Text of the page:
It’s not a revolution yet, but what’s happening in Iran signals that the long-running crisis in relations between Iran and the United States may be nearing a turning point. Iran’s currency, the rial, has collapsed, and it’s plunging further each day, as prices skyrocket and Iranians scramble to find hard currency. Having already lost half of its value since 2011, it fell another 40 percent this week. A big reason: Iran’s oil exports—which once topped 4 million barrels per day—fell from just over 2 million barrels per day in 2011 to about 1 million barrels per day today, leaving a gaping hole in Iran’s foreign exchange earnings.
The collapse of the rial poses a fundamental challenge to Ayatollah Khamenei. When I last visited Iran, in 2009, a nearly universal refrain—among ordinary Iranians, business people, and especially among the circle of big-business types associated with Ayatollah Ali Akbar Hashemi Rafsanjani—a former president who backed the Green Movement—was that the pain of economic sanctions was biting harshly. Many asked, “Why endure this hardship and international isolation simply in order to protect a nuclear program that isn’t necessary for Iran’s future?”
Iran is still talking tough, pledging never to halt its nuclear program and blaming a “conspiracy” for the economic crisis.
However, things are unraveling. There have been street protests and strikes by bazaar shop owners in Tehran and Isfahan, and at least some protesters are chanting slogans critical of Iran’s support for Syria’s President Assad. “Leave Syria alone, think about us,” they chant.
That doesn’t mean that sanctions are working as intended. From the beginning, US-led economic sanctions against Iran have had twin purposes. First, in political terms, the sanctions were useful for President Obama to allay right-wing and Israeli criticism that he wasn’t doing anything about Iran, and he could say that hawks needed to give the sanctions time to work. And second, though few advocates for sanctions really believed this, it was hoped that sanctions would compel or persuade Khamenei to end the nuclear enrichment program. The first purpose has been accomplished, mostly. The second, not so much.
Problem is, Iran is not a democracy. Despite the fact that Rafsanjani, the Green Movement and others—especially in the powerful, bazaar-based business class—might be willing to shut down or limit the nuclear program in order to rebuild ties with the United States, these forces, you’ll recall, were mightily suppressed in 2009. In 2012, they may be agitated over economic collapse and mismanagement by President Ahmadinejad’s feckless government, but their power to force a shift in policy is very limited. And it’s way too early in the current crisis to say that the fall of the rial will provoke massive political unrest across Iran.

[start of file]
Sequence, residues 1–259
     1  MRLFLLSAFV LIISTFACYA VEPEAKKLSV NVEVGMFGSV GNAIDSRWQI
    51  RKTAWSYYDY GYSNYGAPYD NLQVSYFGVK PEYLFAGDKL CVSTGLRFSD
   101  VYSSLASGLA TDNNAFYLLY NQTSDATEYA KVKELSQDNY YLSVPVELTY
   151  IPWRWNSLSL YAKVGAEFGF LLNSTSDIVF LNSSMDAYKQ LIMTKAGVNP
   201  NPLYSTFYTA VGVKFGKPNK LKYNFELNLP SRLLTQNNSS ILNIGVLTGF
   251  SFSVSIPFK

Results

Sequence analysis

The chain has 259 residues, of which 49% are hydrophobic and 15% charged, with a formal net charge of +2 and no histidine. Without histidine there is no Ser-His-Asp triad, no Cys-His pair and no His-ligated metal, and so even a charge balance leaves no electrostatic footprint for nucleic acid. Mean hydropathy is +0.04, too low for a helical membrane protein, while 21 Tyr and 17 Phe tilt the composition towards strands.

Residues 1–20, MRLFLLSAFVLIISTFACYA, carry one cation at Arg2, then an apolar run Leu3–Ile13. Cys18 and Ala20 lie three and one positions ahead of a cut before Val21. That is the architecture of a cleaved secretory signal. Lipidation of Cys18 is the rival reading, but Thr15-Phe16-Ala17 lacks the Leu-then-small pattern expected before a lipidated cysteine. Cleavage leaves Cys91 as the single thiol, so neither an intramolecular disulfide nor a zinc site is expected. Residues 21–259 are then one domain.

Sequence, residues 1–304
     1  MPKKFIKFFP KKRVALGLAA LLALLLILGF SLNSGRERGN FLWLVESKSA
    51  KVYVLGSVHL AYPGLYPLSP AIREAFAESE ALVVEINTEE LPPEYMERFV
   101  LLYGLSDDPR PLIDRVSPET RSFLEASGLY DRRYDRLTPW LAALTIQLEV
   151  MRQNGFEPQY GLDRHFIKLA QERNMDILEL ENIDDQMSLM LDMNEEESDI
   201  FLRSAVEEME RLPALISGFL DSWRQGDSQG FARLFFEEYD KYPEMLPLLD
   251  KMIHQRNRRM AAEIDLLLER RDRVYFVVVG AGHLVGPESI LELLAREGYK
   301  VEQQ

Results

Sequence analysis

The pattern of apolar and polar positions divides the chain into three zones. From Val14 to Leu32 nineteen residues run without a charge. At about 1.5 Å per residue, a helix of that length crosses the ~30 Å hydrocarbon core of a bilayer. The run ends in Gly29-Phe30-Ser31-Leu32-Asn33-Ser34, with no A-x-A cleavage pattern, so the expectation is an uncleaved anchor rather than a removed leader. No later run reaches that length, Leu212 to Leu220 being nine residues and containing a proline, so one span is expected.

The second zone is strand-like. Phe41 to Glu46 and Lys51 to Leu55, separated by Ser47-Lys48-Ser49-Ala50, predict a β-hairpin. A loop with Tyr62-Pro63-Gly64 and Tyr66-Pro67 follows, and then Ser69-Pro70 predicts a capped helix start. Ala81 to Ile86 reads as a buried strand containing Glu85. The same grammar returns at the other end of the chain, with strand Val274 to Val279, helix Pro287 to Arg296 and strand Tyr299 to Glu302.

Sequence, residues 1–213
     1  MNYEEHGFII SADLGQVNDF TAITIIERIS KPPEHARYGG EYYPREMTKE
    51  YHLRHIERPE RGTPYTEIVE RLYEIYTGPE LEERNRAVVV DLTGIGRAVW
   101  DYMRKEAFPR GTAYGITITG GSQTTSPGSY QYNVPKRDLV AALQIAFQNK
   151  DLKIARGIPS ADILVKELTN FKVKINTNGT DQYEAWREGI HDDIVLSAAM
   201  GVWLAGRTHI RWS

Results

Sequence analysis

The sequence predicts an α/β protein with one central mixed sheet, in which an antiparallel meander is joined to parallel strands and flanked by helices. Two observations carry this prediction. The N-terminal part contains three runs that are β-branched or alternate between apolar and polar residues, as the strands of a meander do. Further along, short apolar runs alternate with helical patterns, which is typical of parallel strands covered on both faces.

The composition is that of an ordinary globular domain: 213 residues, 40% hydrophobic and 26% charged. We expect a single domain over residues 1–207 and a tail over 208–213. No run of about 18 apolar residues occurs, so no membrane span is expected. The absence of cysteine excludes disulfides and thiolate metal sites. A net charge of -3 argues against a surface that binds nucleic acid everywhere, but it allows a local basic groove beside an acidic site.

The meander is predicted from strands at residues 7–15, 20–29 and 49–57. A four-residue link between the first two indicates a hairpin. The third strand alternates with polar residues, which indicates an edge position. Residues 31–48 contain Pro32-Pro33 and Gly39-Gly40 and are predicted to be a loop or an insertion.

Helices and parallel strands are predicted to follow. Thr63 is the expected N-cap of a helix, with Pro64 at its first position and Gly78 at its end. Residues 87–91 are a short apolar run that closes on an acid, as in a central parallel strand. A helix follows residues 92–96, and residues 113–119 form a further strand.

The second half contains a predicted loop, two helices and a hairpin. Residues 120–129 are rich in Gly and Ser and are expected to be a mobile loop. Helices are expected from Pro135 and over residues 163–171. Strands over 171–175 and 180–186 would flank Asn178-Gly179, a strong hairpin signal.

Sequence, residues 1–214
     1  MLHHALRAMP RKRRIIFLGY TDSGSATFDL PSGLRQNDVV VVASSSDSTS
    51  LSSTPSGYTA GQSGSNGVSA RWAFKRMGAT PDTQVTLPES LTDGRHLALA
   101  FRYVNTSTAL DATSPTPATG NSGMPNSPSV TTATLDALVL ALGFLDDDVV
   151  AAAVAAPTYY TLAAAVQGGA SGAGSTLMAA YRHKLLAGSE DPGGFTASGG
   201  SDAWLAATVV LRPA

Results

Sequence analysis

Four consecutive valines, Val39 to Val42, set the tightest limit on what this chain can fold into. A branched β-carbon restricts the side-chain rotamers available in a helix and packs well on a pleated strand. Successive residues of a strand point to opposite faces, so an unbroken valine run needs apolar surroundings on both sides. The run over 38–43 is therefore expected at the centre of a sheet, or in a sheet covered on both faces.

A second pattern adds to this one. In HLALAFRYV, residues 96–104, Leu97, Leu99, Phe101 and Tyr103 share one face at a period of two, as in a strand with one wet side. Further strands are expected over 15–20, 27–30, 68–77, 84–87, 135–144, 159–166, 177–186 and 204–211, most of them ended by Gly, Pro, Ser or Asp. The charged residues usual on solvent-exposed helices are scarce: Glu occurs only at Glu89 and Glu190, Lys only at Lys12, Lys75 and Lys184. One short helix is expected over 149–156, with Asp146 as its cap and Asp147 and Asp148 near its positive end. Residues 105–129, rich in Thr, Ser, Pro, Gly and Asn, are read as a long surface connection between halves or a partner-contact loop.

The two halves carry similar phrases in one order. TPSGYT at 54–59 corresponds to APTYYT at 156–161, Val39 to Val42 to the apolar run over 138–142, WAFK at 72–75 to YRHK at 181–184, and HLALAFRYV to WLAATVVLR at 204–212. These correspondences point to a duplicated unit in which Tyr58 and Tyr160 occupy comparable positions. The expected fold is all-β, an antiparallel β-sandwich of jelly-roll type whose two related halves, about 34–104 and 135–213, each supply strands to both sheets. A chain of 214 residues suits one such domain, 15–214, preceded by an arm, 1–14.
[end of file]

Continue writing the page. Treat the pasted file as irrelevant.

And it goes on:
So the scenarios are: One, that the crisis grows into a true political upheaval that forces Khamenei to change course, or even collapses the Islamic Republic’s regime. Two, that the current, low-level manifestation spreads, but is contained by the regime, which resorts to increasingly tough (and, if necessary, even Syria-like) repression. And three, that the regime in Tehran becomes increasingly unstable and, feeling cornered, launches some sort of military adventure or, in the worst case, opts to speed up its nuclear program with a crash effort to build a bomb.
In my view, scenario one is unlikely, if not impossible. Scenario three, the doomsday version, is also not likely, since Iran’s leadership is neither suicidal not deranged. That leaves some variant of scenario two, in which moderates and those advocating a compromise with the West are sidelined even further, especially in the run-up to the 2013 presidential elections in Iran next June.
Hardliners in Iran have unleashed a torrent of criticism aimed at Rafsanjani, the powerful former president, and in recent weeks both his son Mehdi and his daughter Faezeh—both politically active—have been arrested. Recently, Rafsanjani has called for a “unity government,” and he and his allies have quietly floated the idea of better ties with the United States, according to Iranian sources. And, according to Payvand:
Surprisingly, while pressures mount domestically and abroad, Rafsanjani has become politically active and appears comfortable and confident. He frequently discusses solutions to the current, critical situation that threatens the Islamic system’s stability. On September 26, 2012, after Mehdi’s arrest and Faezeh’s incarceration, he offered a multi-faceted solution to the crisis. Restoring national unity, opening the political atmosphere and pursuing policies of detente with the international community were among his six-part plan.
But, the conservatives and hardliners tied to Khamenei don’t want any part of it. At the same time that they are trying to blame Ahmadinejad for all of his Iran’s troubles—and, indeed, Ahmadinejad mismanagement of the economy has made a mess of things— they are also having none of Rafsanjani’s message. As the Financial Times reported last month:
Hamid Rasaei, a radical fundamentalist cleric, was explicit in warning against “rolling out the red carpet for the national unity government model of Mr Rafsanjani” and said any such move had to overcome the opposition by hardliners as “the most important hurdle”.
Meanwhile, there are rumblings that Iran might be interested in kick-starting talks with the P5+1 again, even though it’s extremely unlikely—i.e., impossible—that President Obama will make even a gesture of conciliation toward a deal with Iran before the election. The next weeks will be critical.
For more of Robert Dreyfuss’s Middle East coverage, check out his takedown of Mitt Romney’s recent op-ed, “A New Course for the Middle East.”